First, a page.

Big plans and big dreams are ahead for the Bennington Museum. Executive Director Robert Wolterstaff predicts that by 2025, the storied local institution will become a nexus for the creative economy.

“We will be a cool place to go, a place that feeds the soul and inspires innovation,” he says. “We will be a meeting place, a connector between creative people involved in the arts, industry, and medicine and by doing that will have an impact on the regional economy.”

For an institution long known as the home of an early Stars and Stripes and the folk-art paintings of Grandma Moses, this vision is a tall order, but it is looking to expand its scope without distancing itself from its local cultural heritage.

“The museum will still be a place that celebrates history, but our idea of history will be vastly expanded to include the innovations of the 1960s — or the 2010s and 2020s,” said Wolterstaff.

In a way, the Bennington Museum serves as a “gateway institution” to the state. It showcases what Vermont is all about. By telling the story of a culture of creativity that has flourished in southwestern Vermont, it attracts tourists and potentially converts them to residents.

The idea is to create an atmosphere that attracts entrepreneurs to put down root and start firms, Wolterstaff believes.
“Rather than understanding ourselves only as an institution that is about collecting and preserving and exhibiting, we think of ourselves even more importantly as an institution that is about serving our community,” he says. “Essentially, it is a change in mindset. It’s all about engagement.”

Public funding for the arts has been in a decline. Although the combined appropriations from federal government, states, and localities totaled $1.12 billion in 2012, that figure absorbs declines in these sources of funding ranging from 3 to 6 percent.
And as municipal budgets remain unbadged by an economic recovery, the future for public funding remains bleak.

To survive — let alone thrive — the arts need to be integrated into daily life. Survival for the arts means generating both money and intellectual capital. It relies on passionate patrons who attend concerts, donate to annual campaigns, and champion the goals of the institution in our communities.

But even as people have begun to acknowledge the value of the arts to the overall economy, over the past 20 years, public arts funding has also been increasingly hard to secure. At the same time, costs for productions have risen.

All that means keeping an eagle eye on one’s bottom line and an awareness of how people consume the arts.

In Bennington, Eric Peterson’s experiences span several decades. The producing artistic director of the Oldcastle Theatre Company, Peterson knows firsthand the financial pressure on nonprofits. With his location near the borders of New York and Massachusetts, he has his eye on potential patrons across state lines.

“The biggest portion of our audience comes from New York’s Capital District,” he says. “There are more people there than in the entire state of Vermont, so that isn’t really surprising. Our Berkshire audience last year was slightly smaller than the Southern Vermont audience. We are also doing better with tourists since moving downtown and already have booked groups from as far away as Washington D.C.”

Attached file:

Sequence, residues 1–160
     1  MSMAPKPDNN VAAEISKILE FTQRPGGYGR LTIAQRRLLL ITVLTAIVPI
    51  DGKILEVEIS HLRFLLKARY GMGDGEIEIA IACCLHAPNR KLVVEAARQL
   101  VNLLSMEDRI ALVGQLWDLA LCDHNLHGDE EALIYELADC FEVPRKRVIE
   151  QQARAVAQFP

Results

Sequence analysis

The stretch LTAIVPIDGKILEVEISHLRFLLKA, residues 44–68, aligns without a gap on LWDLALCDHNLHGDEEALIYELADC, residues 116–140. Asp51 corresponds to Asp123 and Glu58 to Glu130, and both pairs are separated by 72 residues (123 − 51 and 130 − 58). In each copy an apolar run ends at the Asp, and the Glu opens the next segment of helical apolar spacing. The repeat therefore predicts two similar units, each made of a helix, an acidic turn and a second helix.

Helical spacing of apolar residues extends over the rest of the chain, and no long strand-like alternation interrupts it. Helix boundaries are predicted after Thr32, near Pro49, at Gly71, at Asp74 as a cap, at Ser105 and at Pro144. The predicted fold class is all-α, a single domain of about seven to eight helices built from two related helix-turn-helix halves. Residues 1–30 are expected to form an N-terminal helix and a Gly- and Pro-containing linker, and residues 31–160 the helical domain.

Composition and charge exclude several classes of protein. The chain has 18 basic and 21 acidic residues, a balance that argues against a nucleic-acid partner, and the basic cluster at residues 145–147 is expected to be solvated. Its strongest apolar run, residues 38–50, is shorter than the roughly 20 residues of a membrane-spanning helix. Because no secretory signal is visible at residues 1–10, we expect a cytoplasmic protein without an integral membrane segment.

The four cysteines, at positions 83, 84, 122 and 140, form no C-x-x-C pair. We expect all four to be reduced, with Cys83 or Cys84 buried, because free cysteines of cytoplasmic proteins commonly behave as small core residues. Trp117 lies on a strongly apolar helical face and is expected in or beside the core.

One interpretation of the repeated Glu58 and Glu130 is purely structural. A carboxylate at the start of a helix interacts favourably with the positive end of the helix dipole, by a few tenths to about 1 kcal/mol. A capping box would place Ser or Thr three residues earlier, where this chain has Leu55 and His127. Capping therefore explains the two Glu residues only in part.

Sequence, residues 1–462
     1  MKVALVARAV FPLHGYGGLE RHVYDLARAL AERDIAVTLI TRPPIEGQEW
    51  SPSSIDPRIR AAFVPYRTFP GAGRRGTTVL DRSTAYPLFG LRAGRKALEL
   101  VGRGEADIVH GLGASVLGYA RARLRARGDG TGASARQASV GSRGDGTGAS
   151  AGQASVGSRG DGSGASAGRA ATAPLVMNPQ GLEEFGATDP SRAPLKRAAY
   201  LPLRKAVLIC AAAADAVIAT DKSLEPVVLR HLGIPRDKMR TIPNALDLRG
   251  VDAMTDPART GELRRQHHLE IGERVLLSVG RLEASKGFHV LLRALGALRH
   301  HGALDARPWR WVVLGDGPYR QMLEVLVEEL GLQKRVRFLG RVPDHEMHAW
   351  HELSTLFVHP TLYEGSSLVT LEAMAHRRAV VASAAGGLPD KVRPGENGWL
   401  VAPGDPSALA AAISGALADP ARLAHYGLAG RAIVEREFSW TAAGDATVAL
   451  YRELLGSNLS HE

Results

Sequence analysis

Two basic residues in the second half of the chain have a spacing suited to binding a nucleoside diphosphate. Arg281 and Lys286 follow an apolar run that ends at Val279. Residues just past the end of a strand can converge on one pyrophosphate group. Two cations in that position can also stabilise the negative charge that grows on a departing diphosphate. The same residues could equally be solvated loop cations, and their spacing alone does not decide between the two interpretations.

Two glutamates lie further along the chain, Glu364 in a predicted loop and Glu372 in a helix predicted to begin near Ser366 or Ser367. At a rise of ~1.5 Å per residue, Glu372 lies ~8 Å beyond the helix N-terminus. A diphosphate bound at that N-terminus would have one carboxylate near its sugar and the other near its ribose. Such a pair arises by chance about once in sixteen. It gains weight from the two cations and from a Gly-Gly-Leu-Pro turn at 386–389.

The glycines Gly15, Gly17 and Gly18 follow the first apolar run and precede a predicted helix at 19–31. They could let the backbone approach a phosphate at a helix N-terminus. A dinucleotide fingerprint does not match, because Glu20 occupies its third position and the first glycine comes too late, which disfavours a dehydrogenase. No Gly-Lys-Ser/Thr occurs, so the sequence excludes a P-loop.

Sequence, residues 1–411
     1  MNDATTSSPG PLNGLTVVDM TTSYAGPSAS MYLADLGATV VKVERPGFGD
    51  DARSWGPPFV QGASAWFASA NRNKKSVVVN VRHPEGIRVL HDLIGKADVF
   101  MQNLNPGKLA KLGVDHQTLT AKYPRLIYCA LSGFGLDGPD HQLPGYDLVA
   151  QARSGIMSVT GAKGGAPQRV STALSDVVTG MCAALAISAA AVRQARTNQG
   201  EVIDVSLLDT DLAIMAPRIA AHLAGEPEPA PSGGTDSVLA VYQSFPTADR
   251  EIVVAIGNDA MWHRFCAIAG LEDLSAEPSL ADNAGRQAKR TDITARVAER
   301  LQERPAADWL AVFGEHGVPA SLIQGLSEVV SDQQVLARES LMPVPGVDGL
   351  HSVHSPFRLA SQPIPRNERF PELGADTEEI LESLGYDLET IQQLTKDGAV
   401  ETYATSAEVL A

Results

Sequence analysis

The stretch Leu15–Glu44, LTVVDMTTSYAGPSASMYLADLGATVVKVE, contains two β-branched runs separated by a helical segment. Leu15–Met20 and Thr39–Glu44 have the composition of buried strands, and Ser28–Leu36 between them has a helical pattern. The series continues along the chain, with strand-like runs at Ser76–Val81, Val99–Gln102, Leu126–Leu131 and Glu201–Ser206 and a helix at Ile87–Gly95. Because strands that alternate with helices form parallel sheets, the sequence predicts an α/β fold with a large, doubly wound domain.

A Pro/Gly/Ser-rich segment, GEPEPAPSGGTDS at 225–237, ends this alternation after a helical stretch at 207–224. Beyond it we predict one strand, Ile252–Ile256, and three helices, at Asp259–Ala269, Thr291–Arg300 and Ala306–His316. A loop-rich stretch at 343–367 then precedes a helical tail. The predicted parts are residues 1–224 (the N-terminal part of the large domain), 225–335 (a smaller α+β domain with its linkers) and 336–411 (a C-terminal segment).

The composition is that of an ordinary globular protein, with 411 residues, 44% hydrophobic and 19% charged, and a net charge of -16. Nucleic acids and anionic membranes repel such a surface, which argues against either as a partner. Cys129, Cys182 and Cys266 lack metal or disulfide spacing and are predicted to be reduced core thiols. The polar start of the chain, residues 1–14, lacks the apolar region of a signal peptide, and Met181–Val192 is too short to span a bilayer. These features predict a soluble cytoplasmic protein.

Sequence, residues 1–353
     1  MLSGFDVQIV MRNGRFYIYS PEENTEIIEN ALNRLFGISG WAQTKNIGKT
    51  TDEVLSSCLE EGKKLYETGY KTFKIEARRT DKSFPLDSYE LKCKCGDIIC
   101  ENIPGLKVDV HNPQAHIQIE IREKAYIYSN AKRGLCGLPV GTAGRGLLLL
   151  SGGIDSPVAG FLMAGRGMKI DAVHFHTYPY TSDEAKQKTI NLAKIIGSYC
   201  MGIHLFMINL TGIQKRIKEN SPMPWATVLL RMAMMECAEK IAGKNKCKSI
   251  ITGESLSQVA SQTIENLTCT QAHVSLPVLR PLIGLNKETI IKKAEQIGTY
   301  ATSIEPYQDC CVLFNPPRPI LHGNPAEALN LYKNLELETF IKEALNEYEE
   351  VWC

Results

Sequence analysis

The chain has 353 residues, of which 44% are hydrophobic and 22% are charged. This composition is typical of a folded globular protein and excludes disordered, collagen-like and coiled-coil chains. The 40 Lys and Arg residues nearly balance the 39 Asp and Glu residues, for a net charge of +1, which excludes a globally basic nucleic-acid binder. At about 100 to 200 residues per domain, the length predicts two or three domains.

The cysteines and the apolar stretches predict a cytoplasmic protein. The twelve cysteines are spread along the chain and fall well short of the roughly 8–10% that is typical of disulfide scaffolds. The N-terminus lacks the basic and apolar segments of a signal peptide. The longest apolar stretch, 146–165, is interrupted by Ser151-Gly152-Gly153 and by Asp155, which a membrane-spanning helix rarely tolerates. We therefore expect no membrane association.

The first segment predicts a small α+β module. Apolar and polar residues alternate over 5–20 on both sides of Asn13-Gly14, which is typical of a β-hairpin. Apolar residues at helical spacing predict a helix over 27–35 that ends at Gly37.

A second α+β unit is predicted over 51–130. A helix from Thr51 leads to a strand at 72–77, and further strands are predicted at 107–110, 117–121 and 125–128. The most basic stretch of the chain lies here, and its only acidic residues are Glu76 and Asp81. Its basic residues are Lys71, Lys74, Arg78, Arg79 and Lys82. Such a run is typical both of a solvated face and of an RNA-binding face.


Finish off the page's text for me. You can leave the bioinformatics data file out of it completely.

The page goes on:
When Oldcastle started 44 years ago, “the goal of regional not-for-profit theaters was to have 60 percent of revenue come from ticket sales and 40 percent come from so-called unearned income, such as contributions and grants,” he says. Now, the revenue from those sources is pretty much split evenly.

Peterson hopes investing in a new space will ultimately make the nonprofit less reliant on charity.

“We have a winter concert series that includes many musical genres, storytellers, theatre and children’s shows to round out the schedule,” he says. “That helps us to stay open bringing people to town and to have cash flow which is always needed.”

Alan Jordan, executive director of the Vermont Symphony Orchestra (VSO), which performs in all corners of the state, says, “For the coming season, we are at 44 percent earned to 56 percent contributed. That’s been pretty steady, but I would see contributed income making up more and more of our future budgets.”

Following on his theme of the arts being everywhere, Aldrich stressed, “there can be little doubt that the diversity and dispersion of the arts throughout Vermont are significant drivers of Vermont’s creative economy. Unlike other states, Vermont’s creative industries are scattered almost uniformly across the length and breadth of Vermont, with only a slight clustering in Chittenden County. This means that one doesn’t have to travel far in any direction to encounter or experience art works of high quality, at relatively affordable prices, all engaged in improving the economic and social quality of life in our Green Mountain State.”